Was the German war effort badly run?

Discussions on the economic history of the nations taking part in WW2, from the recovery after the depression until the economy at war.
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Re: Was the German war effort badly run?

Post by Richard Anderson » 04 Sep 2016 02:14

Stiltzkin wrote:Guaporense is an economist, so I am interested in his
No. He claims to be an economist. The evidence is he's an economics student with an aversion to accuracy and a penchant for unnecessary estimations. Thus my jaundiced view of his endless repetition of inaccurate data that apparently has the sole virtue of fitting his preconceived notions.
"Is all this pretentious pseudo intellectual citing of sources REALLY necessary? It gets in the way of a good, spirited debate, destroys the cadence." POD, 6 October 2018

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Re: Was the German war effort badly run?

Post by Shermaninterest » 04 Sep 2016 02:19

Is it known what percentage of the ammunition was used where? How much did the flak guns in Germany consume?

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Re: Was the German war effort badly run?

Post by Cult Icon » 04 Sep 2016 02:32

Tanks were vital for offensive operations on a narrow front (either german maneuver war or soviet deep operations) at the operational level for big wins. When the tanks become non-operational, usually the offensive closed.

But as an infantry support weapon/casualty inducer for broad front advances, they were not very impressive compared to artillery, mortars, and small arms fire unless the attacking force could achieve some sort of tactical win over some otherwise unobtainable objective. The Soviets called them 'corset stays'.

Soviet rifle forces were different from American or the German. I see them as having a lot of weapons but not a lot of ammo. The forces also had rapid turnover and the soviets designed an impressive system to quickly replace losses. I also see them as fundamentally chained to the operational level and in the interest of strong defense by 1943. The soviet artillery corps in a breakthrough operation were like their own version of massed 4-engine bomber strikes. The great soviet successes were largely due to strength at the operational level with deep penetrations achieved by tank armies, tank corps, and mech. corps.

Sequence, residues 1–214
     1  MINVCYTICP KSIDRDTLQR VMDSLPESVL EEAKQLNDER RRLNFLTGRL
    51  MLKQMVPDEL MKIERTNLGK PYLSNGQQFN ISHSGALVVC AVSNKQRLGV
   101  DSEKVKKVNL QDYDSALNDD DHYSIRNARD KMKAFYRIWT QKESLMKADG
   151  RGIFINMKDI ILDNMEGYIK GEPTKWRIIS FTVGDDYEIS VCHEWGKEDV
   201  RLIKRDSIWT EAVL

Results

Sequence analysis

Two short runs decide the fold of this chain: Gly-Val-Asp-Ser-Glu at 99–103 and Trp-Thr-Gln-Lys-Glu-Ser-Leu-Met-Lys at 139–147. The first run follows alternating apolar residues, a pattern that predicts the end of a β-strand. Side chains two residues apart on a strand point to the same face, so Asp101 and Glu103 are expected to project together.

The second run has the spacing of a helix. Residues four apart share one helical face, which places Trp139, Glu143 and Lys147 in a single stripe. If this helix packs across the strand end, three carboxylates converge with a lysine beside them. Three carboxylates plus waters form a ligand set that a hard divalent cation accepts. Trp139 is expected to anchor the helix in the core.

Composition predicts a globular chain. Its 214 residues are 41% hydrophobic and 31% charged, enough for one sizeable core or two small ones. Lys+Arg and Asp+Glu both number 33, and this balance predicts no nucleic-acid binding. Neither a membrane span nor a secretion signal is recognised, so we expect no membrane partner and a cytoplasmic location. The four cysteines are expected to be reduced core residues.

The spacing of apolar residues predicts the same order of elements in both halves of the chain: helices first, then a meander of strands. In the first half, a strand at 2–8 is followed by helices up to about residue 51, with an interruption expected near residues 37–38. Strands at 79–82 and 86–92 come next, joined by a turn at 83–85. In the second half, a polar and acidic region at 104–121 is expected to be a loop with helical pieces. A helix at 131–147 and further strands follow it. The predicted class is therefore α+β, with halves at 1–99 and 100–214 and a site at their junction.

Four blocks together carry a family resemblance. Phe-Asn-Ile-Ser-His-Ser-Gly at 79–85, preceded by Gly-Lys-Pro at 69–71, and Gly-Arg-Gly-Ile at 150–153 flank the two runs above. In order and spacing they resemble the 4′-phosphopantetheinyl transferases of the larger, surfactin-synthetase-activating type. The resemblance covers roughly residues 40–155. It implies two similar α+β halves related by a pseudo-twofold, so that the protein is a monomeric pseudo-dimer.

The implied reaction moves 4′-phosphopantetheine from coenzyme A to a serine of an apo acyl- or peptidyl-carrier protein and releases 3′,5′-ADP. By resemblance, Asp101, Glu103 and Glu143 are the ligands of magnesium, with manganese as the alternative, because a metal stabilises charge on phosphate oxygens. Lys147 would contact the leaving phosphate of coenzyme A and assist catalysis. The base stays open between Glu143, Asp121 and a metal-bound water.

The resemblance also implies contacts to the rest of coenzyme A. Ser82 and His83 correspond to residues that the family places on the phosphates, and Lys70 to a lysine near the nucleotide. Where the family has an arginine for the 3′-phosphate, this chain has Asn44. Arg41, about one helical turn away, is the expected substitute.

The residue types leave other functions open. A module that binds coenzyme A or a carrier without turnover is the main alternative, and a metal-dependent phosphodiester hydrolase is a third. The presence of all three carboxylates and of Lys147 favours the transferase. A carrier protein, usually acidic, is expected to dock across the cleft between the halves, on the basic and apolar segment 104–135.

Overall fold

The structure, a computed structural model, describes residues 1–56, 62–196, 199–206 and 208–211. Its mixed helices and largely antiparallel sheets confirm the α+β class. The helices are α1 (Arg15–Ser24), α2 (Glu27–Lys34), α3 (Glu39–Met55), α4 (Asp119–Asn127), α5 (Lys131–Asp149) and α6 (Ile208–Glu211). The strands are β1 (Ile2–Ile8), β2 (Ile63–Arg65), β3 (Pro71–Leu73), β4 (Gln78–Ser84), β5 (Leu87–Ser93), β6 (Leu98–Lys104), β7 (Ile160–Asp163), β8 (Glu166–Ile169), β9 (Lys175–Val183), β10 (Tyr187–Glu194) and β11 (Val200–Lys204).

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Re: Was the German war effort badly run?

Post by Cult Icon » 04 Sep 2016 02:43

The german mentality after summer 1943 was 'bleeding' their enemy to death via tactics and kill ratios (due to the end of their operational capabilities) was fundamentally hopeless.

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Re: Was the German war effort badly run?

Post by Stiltzkin » 04 Sep 2016 03:04

The german mentality after summer 1943 was 'bleeding' their enemy to death via tactics and kill ratios (due to the end of their operational capabilities) was fundamentally hopeless.
Actually Zetterling argued that a favourable K/D ratio which could have been increased via a mobile defence could have knocked the Soviet Union out of the war. Historically it was not possible anymore because of a multiple front conflict and a mobile defence was only applicable in the center and south.
It is not only about replacements but also about casualty infliction, there they had a substantial advantage. Kursk was basically a squander of high operational readiness. A prolonged war did not favour the USSR.
They tried to knock out their opponents quickly out of the war (Napoleonic tactics). A War of attrition does not arise by choice but rather from a stalemate.

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Re: Was the German war effort badly run?

Post by Cult Icon » 04 Sep 2016 03:30

I think zettering is wrong. I made a 'what if' thread similar in concept.

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Re: Was the German war effort badly run?

Post by Rob Stuart » 05 Sep 2016 06:24

Guaporense wrote:German aviation fuel supply and consumption:

Image

Clearly, the Luftwaffe consumed all the fuel they had in supply. Hence, increasing aircraft production would be also a waste of resources. In fact, they didn't even had the fuel to effectively use their historical aircraft stock since they had to cut the fuel supply for pilot training. As the number of hours of training for pilots gradually decreased over time.
You are completely overlooking the "which came first, the chicken or the egg?" situation here. For example, if the Germans had begun 1944 with more and better fighters with which to defend their oil refineries, the drops in output experienced that year might not have occurred. Furthermore, if they had begun 1942 with substantially more aircraft, tanks and motor vehicles, then maybe they would have made it to Baku and gained access to that source of oil.

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Re: Was the German war effort badly run?

Post by Guaporense » 06 Sep 2016 01:21

But in 1941 and 1942 they were already consuming more fuel than they produced! Hence if they had more trucks and aircraft they wouldn't be fully used anyways. And their failure to defeat the Soviet Union was not remotely due to lack of trucks or aircraft, it was simple due to the fact that the Soviet Union mobilized 18 million men in the 18 months between June 41 and December 42.

That's because:
1) Air strikes only inflicted about 1% of all casualties in the Eastern front if not less.
2) Logistics was mainly handled by locomotives, not trucks. Trucks and horse drawn wagons were only to connect the depots near the front to the divisions.